As a high school student (especially juniors and seniors), preparing for a college fair is important. For high school counselors, college resource counselors, and teachers, preparing students for a college fair is equally as important. As a former university admissions counselor, I can tell you I have seen and heard a lot of really immature things. My admissions colleagues and I could easily write a storybook. Let’s jump in…
First, determine what type of school you’re looking for; close to home or out of state, public or private, small, medium, or larger, religious affiliation, coed or not, residential or commuter, etc. The answers to these questions will help you decide which university representatives to talk to. Try out College Board’s College Search.
Second, be realistic about what majors you are interested in. If you don’t like math and science, then a degree in biology or pre-med is not a good fit. Do your homework! If there is a career you are interested in, Google it and see what information you can learn. A quick search can usually provide an overview of the career; what a typical day looks like, educational requirements, work environment, salary, etc.
Third, know your GPA and class rank. It helps admissions counselors have a detailed conversation about admission requirements with you. If you don’t know this information, stop by your high school counselors or college resource counselors’ office.
Don’t be disrespectful to university representatives. Often times they are the ones making decisions on your admission status and can greatly influence the outcome.
Do have an engaging conversation about items not found in the brochure (i.e. culture of the university, best type of admissions candidate, etc.). Get the representative’s business card and follow up with a thank you email. This little extra effort goes a long way. I can count on 1 hand the number of times I was thanked after a college fair (by email or note) and I remember all their names.
Don’t ask if you can major in sports or girls/guys. It’s not funny even though you may think it’s cool. It shows immaturity.
Do ask about particular majors you are interested in (research ahead of time or scan the university brochure). If you are interested in sports, ask about the teams, the potential to be on one, or even talk about intramural and club teams.
Don’t let your parents/guardians do all the talking or look to them to respond when a representative asks you a question. It’s great they are attending the college fair with you, but you are going to be an adult soon and have to speak for yourself.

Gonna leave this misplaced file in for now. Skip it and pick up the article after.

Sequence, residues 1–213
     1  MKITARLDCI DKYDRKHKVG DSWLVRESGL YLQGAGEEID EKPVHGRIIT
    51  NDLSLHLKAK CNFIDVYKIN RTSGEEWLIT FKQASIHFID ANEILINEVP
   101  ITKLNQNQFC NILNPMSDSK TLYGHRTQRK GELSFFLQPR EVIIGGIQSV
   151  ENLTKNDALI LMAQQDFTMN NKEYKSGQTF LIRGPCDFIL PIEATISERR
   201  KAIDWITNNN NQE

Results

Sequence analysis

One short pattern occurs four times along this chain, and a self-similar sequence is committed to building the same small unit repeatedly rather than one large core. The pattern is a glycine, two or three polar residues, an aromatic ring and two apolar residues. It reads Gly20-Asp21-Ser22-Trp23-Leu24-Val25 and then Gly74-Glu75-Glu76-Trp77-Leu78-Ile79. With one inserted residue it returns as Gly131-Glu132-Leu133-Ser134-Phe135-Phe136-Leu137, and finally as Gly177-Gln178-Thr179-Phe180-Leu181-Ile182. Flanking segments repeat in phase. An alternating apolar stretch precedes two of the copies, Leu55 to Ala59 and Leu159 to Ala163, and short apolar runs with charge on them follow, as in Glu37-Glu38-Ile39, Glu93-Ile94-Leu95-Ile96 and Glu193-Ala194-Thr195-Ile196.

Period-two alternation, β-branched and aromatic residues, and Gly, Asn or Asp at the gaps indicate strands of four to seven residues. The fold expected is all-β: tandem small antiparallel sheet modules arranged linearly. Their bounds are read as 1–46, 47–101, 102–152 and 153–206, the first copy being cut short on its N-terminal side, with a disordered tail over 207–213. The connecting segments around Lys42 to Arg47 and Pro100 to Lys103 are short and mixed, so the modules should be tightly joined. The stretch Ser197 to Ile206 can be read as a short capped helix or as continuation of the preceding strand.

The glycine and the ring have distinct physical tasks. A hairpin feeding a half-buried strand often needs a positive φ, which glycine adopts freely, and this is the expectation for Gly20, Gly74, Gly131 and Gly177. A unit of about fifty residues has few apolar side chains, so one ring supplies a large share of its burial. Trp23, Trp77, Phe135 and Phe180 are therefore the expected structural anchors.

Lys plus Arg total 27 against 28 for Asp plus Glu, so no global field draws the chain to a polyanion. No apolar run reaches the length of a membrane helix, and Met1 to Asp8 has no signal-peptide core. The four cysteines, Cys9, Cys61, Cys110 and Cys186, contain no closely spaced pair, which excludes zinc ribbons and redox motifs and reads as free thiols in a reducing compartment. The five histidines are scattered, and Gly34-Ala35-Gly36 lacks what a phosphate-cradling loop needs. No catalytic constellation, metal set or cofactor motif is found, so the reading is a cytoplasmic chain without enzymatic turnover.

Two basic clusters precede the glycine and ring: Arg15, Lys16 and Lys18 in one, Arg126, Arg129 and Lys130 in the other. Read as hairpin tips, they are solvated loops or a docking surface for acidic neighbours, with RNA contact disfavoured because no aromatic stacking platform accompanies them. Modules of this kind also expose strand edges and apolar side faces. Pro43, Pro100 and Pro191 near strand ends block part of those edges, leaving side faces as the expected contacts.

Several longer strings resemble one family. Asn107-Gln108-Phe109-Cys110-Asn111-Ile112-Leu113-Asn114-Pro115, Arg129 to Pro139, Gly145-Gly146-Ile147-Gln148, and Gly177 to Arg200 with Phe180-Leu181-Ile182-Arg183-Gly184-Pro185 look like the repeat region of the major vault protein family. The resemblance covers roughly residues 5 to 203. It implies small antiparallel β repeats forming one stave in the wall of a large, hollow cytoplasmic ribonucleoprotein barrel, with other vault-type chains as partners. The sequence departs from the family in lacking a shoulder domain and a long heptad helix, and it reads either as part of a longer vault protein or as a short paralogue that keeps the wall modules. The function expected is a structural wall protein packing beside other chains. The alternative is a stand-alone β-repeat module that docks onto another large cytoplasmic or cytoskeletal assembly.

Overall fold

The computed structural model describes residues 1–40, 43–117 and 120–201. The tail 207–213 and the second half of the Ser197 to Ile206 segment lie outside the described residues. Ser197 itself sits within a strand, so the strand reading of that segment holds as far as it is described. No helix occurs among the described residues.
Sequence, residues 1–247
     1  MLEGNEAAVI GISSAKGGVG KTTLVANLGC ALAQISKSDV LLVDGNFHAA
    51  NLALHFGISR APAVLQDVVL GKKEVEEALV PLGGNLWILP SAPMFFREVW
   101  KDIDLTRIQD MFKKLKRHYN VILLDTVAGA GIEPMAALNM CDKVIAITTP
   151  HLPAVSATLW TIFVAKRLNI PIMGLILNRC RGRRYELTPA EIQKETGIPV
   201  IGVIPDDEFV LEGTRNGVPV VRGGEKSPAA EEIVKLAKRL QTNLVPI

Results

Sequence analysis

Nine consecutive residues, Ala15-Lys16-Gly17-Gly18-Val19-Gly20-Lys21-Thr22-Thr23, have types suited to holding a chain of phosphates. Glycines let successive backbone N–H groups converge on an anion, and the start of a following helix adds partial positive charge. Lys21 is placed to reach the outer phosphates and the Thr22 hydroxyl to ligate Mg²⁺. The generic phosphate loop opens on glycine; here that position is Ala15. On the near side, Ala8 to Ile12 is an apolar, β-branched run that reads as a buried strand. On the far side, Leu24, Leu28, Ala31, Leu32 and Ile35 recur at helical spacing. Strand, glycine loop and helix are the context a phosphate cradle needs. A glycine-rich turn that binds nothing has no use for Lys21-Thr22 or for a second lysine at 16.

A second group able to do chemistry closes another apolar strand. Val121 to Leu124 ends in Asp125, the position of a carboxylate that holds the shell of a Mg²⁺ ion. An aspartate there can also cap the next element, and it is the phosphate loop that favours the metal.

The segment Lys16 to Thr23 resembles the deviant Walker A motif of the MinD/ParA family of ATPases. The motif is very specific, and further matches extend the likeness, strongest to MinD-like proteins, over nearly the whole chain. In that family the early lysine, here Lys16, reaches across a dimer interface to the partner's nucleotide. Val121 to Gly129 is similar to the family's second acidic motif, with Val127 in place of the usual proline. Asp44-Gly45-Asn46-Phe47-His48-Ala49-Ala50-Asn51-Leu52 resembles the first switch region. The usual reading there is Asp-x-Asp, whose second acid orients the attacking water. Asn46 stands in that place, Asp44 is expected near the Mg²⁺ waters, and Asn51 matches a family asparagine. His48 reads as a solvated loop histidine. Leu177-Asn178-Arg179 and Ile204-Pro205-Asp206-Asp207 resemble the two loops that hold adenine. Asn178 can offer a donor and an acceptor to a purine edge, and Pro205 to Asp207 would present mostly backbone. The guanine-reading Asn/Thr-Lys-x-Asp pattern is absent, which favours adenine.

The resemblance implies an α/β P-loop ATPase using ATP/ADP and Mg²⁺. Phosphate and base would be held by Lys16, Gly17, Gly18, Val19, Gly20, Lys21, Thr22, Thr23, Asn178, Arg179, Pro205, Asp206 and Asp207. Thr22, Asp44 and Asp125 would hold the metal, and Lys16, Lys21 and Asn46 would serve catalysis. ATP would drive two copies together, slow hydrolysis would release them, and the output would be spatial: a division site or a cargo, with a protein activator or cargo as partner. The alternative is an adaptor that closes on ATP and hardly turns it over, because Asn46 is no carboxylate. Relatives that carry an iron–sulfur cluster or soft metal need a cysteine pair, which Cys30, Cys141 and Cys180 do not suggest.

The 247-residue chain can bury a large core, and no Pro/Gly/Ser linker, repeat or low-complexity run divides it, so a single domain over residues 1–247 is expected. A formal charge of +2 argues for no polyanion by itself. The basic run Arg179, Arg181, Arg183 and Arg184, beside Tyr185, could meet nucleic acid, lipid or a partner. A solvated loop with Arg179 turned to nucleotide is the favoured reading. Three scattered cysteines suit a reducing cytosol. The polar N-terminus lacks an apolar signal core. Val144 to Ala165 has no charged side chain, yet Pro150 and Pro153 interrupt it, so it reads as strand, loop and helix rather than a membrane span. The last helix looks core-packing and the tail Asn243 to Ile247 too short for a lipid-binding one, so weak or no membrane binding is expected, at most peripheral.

Do have a conversation with them ahead of time to determine what information is important to find out and be prepared to ask those questions of the representative. I’m not saying parents shouldn’t ask questions, but they should never dominate the conversation.
Don’t ask “Why should I go here?” Representatives don’t know what you are looking for in a college or university and this provides them no clues at what information you are seeking.
Do ask specific questions like, “What sets your university apart from others?” or “What does __ degree offer, that other universities with the same degree may not?” or “I’m interested in __ career, what degree would help me get there?”
Don’t ask if it’s a party school. Again, not funny even if you think it is.
Do ask about co-curricular activities such as student organizations, study abroad programs, honors college, whether the school is a commuter campus or not, or what resources/services are available on campus (i.e. recreation center, student union, athletic events).
Don’t steal pens and other giveaways from the table. Even though you think you’re being slick, representatives see you. Plus they may be running low and you just took their last pen.
Do have a conversation with the representative about their institution and then ask if you may take a pen or giveaway. Most of the time they are more than willing to give you one of each!
Don’t ask “Do you have financial aid?” Yes, schools offer financial aid. This question doesn’t provide you valuable information about financial aid.
Do ask specifics about aid like “What process do you use for financial aid?” or “When is the best time for me to apply for scholarships?” or “How many students receive some form of financial assistance at your university (grants, loans, scholarship, etc.)?”
Other questions to ask university representatives:
When are application deadlines?
When do you recommend applying?
How long does the typical application process take?
What do you recommend doing first after being accepted? (i.e. apply for housing, submit FAFSA, meet with an academic advisor, etc.)
I hope this guide helps you get started and prepares you for your first college fair. As a former admissions counselor, I can tell you the individuals behind the tables are passionate about helping students who want to help themselves. Give us the ability (through engaging conversation) to do so! Don’t pass up the perfect opportunity to make a good impression. Until next post…xoxo Becca